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TDWI Upside - Where Data Means Business

Q&A: Storing, Analyzing IT Operational Data Offers Deeper Insights

One growing use of analytics in business is capturing and analyzing operational data. Rocana captures it from any source and holds it in one scalable repository, then delivers it to stakeholders for further analysis.

Using machine learning, Rocana Ops enables users to collect and analyze large quantities of data across both IT and business sources, offering visibility into IT operations. The company was founded in 2014 by Omer Trajman, along with Eric Sammer and Don Brown -- three IT veterans with deep roots in IT operations and big data.

"We recognized that the Fortune 500 market desperately needed a purpose-built solution for total operational visibility," Trajman says. "Our mission was to combine the power of big data and machine learning to help technologists collect and analyze data across IT and business sources -- all data, from all sources, kept online and available for instant and future access."

In this interview, Trajman offers insights into the challenges of storing and analyzing huge volumes of data quickly -- and how his company is taking a fresh approach.

Upside: What are some of the challenges in searching event log data?

Omer Trajman: The number one challenge in searching event log data is that by the time you're doing it, you're already behind. Search in general is a powerful access mechanism for constrained data sets where operators know what they're looking for. As data volumes grow, though, search becomes less useful.

Search solutions generally have a bell-shaped ROI curve; they add value as data initially grows and then start to have negative returns as the increasing data volumes take longer to sift through, generating more false positives and keeping operators from addressing what may be more critical issues.

How are demands on IT changing in terms of working with big data?

Similar to other next-generation technologies, big data is creating both new opportunities and new burdens for IT. Big data can combine previously disparate data sets and provide a central repository for multiple lines of business, often dwarfing the breadth of data sources that feed even the data warehouse. Because of the technology's capabilities, big data is also able to keep more detailed data for longer.

For IT, all of these features mean requirements for new operating policies, additional operational visibility, and potentially higher risk. Big data may mean that more IT infrastructure becomes business critical instead of back office support.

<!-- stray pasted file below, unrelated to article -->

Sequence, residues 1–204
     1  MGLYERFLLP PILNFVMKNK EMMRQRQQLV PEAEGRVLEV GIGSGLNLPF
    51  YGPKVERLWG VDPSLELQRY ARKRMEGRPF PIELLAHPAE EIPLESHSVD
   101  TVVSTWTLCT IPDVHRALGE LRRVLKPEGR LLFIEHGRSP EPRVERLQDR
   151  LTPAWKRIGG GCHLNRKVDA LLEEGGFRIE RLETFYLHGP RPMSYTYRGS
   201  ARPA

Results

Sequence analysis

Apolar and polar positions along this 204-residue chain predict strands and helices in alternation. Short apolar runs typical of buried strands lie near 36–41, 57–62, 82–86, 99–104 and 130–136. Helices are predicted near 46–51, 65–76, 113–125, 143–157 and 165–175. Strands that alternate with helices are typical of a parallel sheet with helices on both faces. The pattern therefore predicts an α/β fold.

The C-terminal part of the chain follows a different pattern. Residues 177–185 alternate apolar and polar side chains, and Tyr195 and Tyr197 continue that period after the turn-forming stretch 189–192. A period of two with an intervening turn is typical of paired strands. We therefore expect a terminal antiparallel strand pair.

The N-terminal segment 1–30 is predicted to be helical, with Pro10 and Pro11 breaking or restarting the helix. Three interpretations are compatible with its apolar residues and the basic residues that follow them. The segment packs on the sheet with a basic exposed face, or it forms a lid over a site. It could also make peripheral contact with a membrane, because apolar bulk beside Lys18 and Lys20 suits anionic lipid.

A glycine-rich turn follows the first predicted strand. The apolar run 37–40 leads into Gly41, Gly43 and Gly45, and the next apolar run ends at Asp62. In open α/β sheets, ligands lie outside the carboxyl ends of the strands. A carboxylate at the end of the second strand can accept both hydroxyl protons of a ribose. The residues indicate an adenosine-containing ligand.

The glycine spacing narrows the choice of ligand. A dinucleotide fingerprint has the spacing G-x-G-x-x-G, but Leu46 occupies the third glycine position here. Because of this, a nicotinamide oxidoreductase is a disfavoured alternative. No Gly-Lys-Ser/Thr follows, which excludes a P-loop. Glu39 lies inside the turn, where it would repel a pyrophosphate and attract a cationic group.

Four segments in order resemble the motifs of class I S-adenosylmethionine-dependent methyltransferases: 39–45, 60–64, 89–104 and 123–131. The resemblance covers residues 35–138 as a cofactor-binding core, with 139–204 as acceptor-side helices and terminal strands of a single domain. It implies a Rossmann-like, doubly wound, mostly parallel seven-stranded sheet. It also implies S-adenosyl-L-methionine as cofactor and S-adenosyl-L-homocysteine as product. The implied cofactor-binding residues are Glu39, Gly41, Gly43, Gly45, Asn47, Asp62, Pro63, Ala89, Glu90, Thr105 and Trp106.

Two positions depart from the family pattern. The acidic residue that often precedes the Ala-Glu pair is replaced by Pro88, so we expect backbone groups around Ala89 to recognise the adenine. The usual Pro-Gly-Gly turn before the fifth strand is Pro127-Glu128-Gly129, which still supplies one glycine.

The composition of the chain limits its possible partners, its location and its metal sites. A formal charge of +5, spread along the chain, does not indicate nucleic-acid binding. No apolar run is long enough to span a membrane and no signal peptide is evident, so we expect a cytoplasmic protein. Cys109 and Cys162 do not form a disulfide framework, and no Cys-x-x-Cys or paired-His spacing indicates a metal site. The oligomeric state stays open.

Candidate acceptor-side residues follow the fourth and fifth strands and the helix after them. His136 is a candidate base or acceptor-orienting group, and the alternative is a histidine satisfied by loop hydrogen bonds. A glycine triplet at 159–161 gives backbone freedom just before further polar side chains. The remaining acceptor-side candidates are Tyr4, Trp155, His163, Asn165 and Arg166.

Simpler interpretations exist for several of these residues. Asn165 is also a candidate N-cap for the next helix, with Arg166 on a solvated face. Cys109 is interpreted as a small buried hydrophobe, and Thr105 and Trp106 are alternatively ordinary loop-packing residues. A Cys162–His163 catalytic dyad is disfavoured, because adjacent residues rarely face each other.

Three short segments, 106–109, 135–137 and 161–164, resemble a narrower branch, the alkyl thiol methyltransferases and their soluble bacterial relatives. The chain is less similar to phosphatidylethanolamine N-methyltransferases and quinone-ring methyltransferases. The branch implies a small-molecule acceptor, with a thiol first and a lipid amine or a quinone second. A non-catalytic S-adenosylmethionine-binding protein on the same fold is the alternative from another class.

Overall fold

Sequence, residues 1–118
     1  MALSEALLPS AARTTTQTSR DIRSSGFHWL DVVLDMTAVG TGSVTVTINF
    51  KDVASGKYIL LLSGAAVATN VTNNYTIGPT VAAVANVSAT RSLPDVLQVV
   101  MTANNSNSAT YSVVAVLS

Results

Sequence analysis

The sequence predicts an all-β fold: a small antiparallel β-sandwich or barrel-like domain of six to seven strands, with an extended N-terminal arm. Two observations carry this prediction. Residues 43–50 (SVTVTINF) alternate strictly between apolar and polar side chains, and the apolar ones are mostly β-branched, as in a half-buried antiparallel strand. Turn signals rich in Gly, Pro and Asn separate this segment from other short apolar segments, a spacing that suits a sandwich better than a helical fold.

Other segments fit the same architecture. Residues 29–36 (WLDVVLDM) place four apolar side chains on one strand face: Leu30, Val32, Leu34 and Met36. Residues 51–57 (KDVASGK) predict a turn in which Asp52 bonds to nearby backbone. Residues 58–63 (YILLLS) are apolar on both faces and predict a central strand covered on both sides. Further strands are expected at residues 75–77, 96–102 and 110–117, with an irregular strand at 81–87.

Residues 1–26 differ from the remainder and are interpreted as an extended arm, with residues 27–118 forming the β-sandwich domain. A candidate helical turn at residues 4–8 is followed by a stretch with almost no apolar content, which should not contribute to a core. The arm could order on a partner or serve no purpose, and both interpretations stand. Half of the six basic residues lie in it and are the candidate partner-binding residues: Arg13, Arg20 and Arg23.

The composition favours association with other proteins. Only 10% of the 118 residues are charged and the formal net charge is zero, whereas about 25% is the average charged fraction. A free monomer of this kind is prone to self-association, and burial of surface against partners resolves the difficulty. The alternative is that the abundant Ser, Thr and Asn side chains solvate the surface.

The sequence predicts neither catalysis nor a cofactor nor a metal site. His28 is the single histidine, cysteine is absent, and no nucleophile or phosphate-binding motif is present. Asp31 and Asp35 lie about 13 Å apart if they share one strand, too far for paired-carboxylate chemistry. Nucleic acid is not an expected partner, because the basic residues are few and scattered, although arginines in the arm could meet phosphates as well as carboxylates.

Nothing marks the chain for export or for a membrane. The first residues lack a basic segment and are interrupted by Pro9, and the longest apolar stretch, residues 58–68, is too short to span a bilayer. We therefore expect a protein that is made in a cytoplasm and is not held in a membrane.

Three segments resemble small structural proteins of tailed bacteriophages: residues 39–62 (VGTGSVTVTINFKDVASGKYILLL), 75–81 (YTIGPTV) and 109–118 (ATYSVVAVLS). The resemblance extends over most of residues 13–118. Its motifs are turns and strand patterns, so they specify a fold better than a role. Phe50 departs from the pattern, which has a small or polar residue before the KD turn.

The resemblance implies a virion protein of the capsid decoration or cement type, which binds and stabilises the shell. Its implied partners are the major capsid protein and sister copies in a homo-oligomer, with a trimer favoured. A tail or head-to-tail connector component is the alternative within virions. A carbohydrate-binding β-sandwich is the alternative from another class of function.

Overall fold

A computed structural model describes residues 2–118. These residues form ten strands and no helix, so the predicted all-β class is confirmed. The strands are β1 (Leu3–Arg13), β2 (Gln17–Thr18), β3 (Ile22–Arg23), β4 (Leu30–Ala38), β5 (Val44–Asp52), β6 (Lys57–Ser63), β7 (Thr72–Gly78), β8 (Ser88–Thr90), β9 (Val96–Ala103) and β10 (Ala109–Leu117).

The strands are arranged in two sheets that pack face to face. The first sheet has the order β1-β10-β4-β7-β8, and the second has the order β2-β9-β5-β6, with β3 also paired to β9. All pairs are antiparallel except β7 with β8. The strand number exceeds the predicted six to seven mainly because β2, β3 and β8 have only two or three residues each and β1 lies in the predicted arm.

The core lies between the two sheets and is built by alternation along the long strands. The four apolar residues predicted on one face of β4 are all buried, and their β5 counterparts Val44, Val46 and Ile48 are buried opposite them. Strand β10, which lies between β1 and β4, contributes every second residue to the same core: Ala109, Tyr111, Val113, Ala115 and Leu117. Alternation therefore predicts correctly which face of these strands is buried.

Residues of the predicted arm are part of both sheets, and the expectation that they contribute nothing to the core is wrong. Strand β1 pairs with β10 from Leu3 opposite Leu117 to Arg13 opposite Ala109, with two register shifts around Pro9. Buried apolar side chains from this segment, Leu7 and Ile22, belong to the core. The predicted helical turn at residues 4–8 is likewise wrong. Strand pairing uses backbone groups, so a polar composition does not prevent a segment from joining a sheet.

The opportunities for big data open up when IT starts using it to support operations. In fact, IT organizations are finding that even with the overhead involved in managing the new technologies involved in big data, they realize ROI in a matter of months when applying it to IT operations.

What hardware and software evolutions have made it possible to collect, search, and analyze operational data effectively?

Big data technologies have unprecedented power to collect a wide variety of data from across many systems and combine that data with business metrics.

It started in the late 2000s with the introduction of scale-out, flexible data management systems such as the Apache Hadoop ecosystem. These technologies run on industry-standard hardware, which is cost-effective to scale out. New software has also emerged that is compatible with the existing ecosystem and introduces massive-scale, real-time analytics and rich, purpose-built visualizations.

When these technologies are combined, IT can visualize trillions of data points and quickly identify hot spots or emerging issues, then use search proactively when appropriate.

These concepts were previously applied to domains such as high-frequency trading and online advertising. They're now becoming cost effective for IT.

Where do you see the handling and analysis of event data heading in the next few years?

Just like other big data technologies, as the analytics systems are used more, we can learn where those capabilities are most effective. Although there is probably a class of problems that can be fully automated (for example, decommissioning a mirrored disk with excessive errors), most problems will still require human troubleshooting. The world of IT is getting more complex by the day, and we won't be able to anticipate all the problems that are to come.

What we will be able to do is proactively identify what information needs to be analyzed and gathered. Big data is very good at pouring over more data in seconds than a human could in a lifetime and bringing out the relevant pieces of information. Combined with operator interactions, we could predictively route information to the person best suited to solve a problem before it impacts service reliability or revenue.